I believe when you invest in a stock , if possible look from a customers prespective. For a bank , individual (retail) customers matter a lot. Just visit a karnataka bank branch , check the website. Compare it with website of industry leaders or compare it with yes bank. Then decide whether you would really like to have an account with karnataka bank? Is the website really customer friendly ? Most of your answers will get answered.
If you check the twitter handle , you will get a feel how customer focused they are.
I may be sounding foolish ,but if customer touch points are not good , merely increasing branches wont help. Without customer focus ,its tough to grow.
Disclosure - Not invested
It’s a matter of conviction. Let us see what will happen in the next 3-5 years. I am not a firm believer in short term contraction.
Here is the video of Mr Vijay Kedia’s interview as part of Bloomeberg’s “Alpha Moguls”.
He mentions the reason for selling part of Karnataka bank.
He feels, the end of NPA rising is not over yet and could continue for few more quarters. He sold it as it is liquid stock and bought Everest industries.
It will be interesting to see the next SHP of Ktk bank, we will come to know he has sold out entirely or still kept his 1.18% stake.
The next quarter results, we will come to know whether there will be degradation in NPA scenario. If NNPA improves, it will be game changer.
Banking and steel stocks are never for faint hearted. I would recommend users to understand the economics of business than relying on a marquee investor. I am not claiming not to believe Kedia. Each investor have their own requirements and risk appetite. It is advisable to rely on your conviction than borrowed conviction.
In my view, I can see most people are taking about Kedia but have not done their homework on why the banks will or will not improve?
Last but not least, it is of paramount importance to the readers to bring in concrete arguments and logic about a particular scrip than discussing about someone’s SHP.
I am making a strong claim that if the public banks are not revived there is not capex for Indian growth story. We have no other option than to regulate. With this process, private banks will be a huge beneficiary. Banks are in severe contraction phase. It will test people’s patience but those who have a long term view of 5 years can stick to their conviction.
Tip: Private banks earn through fee based services. It is only public banks which will fund infrastructure projects. In this blood bath, the good banks are also punished.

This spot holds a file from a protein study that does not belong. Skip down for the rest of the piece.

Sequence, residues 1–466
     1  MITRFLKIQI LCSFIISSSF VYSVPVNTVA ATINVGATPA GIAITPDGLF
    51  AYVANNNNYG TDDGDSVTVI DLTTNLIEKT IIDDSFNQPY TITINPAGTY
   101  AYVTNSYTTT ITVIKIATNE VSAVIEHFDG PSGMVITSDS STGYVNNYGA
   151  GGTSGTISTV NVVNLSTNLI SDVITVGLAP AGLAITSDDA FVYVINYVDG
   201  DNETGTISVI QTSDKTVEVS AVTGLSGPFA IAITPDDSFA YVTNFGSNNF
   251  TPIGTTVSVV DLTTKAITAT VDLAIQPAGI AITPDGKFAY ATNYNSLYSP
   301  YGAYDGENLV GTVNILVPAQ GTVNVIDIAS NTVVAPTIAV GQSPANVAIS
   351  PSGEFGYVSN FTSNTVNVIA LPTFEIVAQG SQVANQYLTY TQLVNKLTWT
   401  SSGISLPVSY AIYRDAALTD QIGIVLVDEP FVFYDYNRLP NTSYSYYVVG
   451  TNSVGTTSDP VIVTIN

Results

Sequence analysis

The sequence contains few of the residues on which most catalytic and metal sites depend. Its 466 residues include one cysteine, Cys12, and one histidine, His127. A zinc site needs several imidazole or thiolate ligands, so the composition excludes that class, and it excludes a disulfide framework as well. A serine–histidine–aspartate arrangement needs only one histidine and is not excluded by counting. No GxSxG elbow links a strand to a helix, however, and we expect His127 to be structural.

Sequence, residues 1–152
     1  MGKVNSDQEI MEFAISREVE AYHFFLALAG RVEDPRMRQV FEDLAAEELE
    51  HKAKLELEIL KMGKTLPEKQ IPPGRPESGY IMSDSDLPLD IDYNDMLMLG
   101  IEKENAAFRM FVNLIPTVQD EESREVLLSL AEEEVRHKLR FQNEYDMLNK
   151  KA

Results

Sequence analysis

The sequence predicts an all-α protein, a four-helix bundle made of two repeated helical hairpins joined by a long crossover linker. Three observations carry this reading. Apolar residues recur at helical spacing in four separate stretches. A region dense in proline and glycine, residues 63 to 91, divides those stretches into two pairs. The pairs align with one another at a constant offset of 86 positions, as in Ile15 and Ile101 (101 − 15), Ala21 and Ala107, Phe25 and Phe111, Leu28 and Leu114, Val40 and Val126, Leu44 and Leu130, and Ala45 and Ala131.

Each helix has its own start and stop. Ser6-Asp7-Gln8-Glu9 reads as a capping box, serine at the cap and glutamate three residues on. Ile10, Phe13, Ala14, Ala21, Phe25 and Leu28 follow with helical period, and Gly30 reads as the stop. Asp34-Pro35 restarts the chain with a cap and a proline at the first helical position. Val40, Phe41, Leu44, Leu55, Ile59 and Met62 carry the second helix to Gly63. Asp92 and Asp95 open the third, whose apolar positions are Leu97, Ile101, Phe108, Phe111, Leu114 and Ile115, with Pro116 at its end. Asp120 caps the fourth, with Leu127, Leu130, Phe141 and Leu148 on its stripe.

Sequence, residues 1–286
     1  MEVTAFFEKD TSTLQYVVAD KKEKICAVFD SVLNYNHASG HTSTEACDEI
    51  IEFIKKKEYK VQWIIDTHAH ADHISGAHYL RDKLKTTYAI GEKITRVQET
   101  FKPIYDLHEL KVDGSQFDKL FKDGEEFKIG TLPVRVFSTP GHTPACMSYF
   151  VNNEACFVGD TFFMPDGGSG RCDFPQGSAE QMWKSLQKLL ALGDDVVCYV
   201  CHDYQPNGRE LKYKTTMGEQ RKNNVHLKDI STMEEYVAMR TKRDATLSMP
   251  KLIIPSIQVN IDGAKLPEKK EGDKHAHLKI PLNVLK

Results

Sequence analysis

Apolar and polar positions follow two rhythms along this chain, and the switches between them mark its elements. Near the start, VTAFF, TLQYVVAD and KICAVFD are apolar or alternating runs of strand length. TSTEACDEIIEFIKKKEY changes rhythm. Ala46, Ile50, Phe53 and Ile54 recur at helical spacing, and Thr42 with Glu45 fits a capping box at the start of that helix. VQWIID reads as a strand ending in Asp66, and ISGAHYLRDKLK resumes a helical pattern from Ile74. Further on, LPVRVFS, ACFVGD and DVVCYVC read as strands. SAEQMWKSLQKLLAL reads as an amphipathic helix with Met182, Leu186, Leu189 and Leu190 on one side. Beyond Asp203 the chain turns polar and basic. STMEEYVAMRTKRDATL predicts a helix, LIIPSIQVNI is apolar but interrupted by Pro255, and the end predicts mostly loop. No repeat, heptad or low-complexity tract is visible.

Again I am going to post some broad points based on my observations:
- there is certainly a broad trend of private banks taking away market share from psu banks. This has been happening since hdfc bank is established and will continue in future. But this transfer should happen gradually. The current situation is bit scary. All the money they got through recapitalization will be going into provisions for frauds and more n more NPAs which have been so far under the garb of restructured accounts. Once recapitalization amount is done with, PSU s are back to a situation where they can not lend. The private banks can service only 35-40% of economy from current 30%. With 60% of economy deprived of lending, the economy in doldrums, which will damage Pvt banks too. So, market share shift to Pvt banks has to happen gradually. So, I believe, the current hidden NPAs are big, which is possible, then they could threaten economy, Pvt banks n psu banks.
- the current asset turn over is still about 70%. So, capex pick up still going to take time to materialise until unless the economy, damaged by demand disruptiom caused by demonetization, Gst, rapidly recovers. This could happen.
- the small Pvt bankers have to compete with mercurial nbfcs in retail credit growth and big banks for good rated corporate lending. That’s why bank management plays crucial role here. We will have to see in future, how ktk bank competes.
- from a news report, it seems overall credit to deposit ratio has bounced back to pre demon levels of 70%+. This is a good news for banks. This is caused by moderation of deposit growth and decent growth of lending.
The hidden NPAs seem to be one major threat for now.
When an investor with credible track record disposes of his stake, it is better for the small investor to recheck his whole thesis again. In that process of rechecking the thesis, one important input would be the reason for Marquee investor’s exit.
So, i feel, there is nothing wrong in tracking the SHP & Marquee investor’s reasons for exit for right purpose.
It is heard (no evidence available though) that even Mohnish Pabrai enquired around for finding reasons for sudden fall in KRBL’s share price.
I don’t have much knowledge in banking
Nice report on individual banks. There is a separate section for Karnataka Bank too (pretty positive one).
We need to keenly watch whether the trend of reducing GNPA, NNPA & restructured accounts, continues or not in next few quarter results.
Analysis is of KTK bank while the management details is of South Indian Bank.